High Court postpones demolition of four buildings in east Jerusalem

This comes following an appeal by the residents, who wish to prevent the demolition.

November 26, 2017 18:41
1 minute read.
High Court postpones demolition of four buildings in east Jerusalem

Buildings in Kafr Akab. Out of some 60,000 residents in Kafr Akab, about 52,000 are living in illegal buildings. (photo credit: UDI SHAHAM)

The Jerusalem District Court issued an order on Thursday, halting the Jerusalem Municipality’s demolition of five buildings in Kafr Akab.

According to a municipality plan, a public road is to be paved in the east Jerusalem neighborhood next to the nearby security barrier, replacing buildings in which 138 apartments are located, some them uninhabited.

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Residents have filed an appeal to prevent the planned demolition, to which the court has ordered the municipality to respond by the end of January and scheduled a discussion on the matter for February 28.

Kafr Akab is the northernmost neighborhood of Jerusalem and is located behind the security barrier that separates it from the rest of the capital. The municipality borders Ramallah to the north and the Palestinian part of Kafr Akab, which has its own municipality.

Because of its location and the lack of proper urban planning in east Jerusalem, the neighborhood has attracted many residents who did not manage to build a house within the city limits. Municipality officials and security forces rarely enter the neighborhood, leaving supervision of construction in the area virtually non-existent.

Out of some 60,000 residents in Kafr Akab, about 52,000 live in illegal buildings.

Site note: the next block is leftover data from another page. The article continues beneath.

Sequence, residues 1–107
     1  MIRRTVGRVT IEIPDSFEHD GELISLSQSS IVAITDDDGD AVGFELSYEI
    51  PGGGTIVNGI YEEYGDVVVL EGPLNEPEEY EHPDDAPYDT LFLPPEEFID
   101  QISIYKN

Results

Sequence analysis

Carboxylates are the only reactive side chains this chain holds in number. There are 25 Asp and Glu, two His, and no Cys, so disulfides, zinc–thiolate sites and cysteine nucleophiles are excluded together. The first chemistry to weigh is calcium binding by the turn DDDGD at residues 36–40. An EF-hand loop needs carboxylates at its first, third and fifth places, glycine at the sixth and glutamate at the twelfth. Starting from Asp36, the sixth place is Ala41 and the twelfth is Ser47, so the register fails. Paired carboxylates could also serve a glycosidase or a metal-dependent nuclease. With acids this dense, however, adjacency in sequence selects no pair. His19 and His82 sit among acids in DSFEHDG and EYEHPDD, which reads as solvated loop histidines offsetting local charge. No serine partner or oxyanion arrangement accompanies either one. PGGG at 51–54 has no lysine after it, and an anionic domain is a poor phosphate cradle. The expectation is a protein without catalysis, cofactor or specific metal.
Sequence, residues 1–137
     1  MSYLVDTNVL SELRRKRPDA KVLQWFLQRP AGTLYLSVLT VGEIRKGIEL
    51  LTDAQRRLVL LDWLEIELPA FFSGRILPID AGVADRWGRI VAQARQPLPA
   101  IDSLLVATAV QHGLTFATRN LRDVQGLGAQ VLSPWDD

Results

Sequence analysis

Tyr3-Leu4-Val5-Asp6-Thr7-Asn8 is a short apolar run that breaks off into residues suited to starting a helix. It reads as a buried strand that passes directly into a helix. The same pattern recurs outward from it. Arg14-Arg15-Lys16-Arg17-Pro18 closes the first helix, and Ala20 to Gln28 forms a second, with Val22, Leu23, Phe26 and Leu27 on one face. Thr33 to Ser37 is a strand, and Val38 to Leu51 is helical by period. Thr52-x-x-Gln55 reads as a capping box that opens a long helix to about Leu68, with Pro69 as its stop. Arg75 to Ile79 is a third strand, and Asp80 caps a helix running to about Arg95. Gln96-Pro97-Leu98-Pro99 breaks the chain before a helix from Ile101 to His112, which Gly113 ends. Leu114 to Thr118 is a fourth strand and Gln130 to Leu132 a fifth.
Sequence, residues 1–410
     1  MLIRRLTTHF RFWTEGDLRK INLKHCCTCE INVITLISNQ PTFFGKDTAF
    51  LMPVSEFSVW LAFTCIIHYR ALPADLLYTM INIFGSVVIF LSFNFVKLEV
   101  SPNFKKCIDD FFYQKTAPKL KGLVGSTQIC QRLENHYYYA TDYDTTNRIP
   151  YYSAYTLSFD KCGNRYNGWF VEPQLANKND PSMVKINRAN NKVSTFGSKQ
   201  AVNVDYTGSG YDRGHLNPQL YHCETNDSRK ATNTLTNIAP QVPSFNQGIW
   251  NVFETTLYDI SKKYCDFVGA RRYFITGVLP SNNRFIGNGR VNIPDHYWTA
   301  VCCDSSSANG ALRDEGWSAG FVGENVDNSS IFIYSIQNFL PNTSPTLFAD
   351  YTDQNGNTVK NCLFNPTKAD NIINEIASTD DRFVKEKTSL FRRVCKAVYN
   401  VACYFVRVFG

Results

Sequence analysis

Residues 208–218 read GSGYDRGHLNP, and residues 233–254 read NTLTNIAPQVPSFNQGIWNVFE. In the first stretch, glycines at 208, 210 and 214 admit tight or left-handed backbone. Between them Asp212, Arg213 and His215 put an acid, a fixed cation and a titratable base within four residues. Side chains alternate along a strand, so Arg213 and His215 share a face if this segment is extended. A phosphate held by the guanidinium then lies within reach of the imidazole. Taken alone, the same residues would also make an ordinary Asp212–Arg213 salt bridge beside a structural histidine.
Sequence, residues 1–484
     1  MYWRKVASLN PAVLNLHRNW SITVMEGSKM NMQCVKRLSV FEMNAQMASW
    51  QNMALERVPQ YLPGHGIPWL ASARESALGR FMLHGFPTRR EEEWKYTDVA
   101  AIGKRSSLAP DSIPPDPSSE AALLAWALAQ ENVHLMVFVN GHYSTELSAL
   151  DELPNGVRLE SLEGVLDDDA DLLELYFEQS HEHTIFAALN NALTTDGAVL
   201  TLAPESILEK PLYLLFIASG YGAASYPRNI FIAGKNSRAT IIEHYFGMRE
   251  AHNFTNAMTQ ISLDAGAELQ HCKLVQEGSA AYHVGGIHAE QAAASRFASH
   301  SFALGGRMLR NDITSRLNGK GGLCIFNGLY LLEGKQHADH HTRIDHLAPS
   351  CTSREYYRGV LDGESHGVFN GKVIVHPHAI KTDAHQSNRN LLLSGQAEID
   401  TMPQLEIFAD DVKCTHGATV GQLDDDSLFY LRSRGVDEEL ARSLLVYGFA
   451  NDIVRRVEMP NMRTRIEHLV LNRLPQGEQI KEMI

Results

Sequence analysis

Last week, the chairman of the local neighborhood committee, Mounir “Abu Ashraf” Zghayer, told The Jerusalem Post that the request to build a road along the wall was not made by the neighborhood committee, but by the municipality-run Local Community Administration, which received recommendations from the Palestinian Kafr Akab Municipality on the PA side of the neighborhood.

“Essentially, the municipality is getting recommendations from the Palestinian Authority and not from its own Israeli residents,” he said.

Zghayer acknowledged that the buildings scheduled for demolition were built illegally, but said the method chosen to destroy them, explosion, will cause collateral damage to adjacent buildings – which were also built illegally.

“They our putting our lives in danger,” he said.

The Jerusalem Municipality denied that the decision was delivered to it, but acknowledged that it was reached in the presence of only one side.

It added in a statement to the Post: “We will learn the appeal and then respond. It should be stressed that the demolition order was approved in 16 different judiciary levels, including three times in the High Court.”

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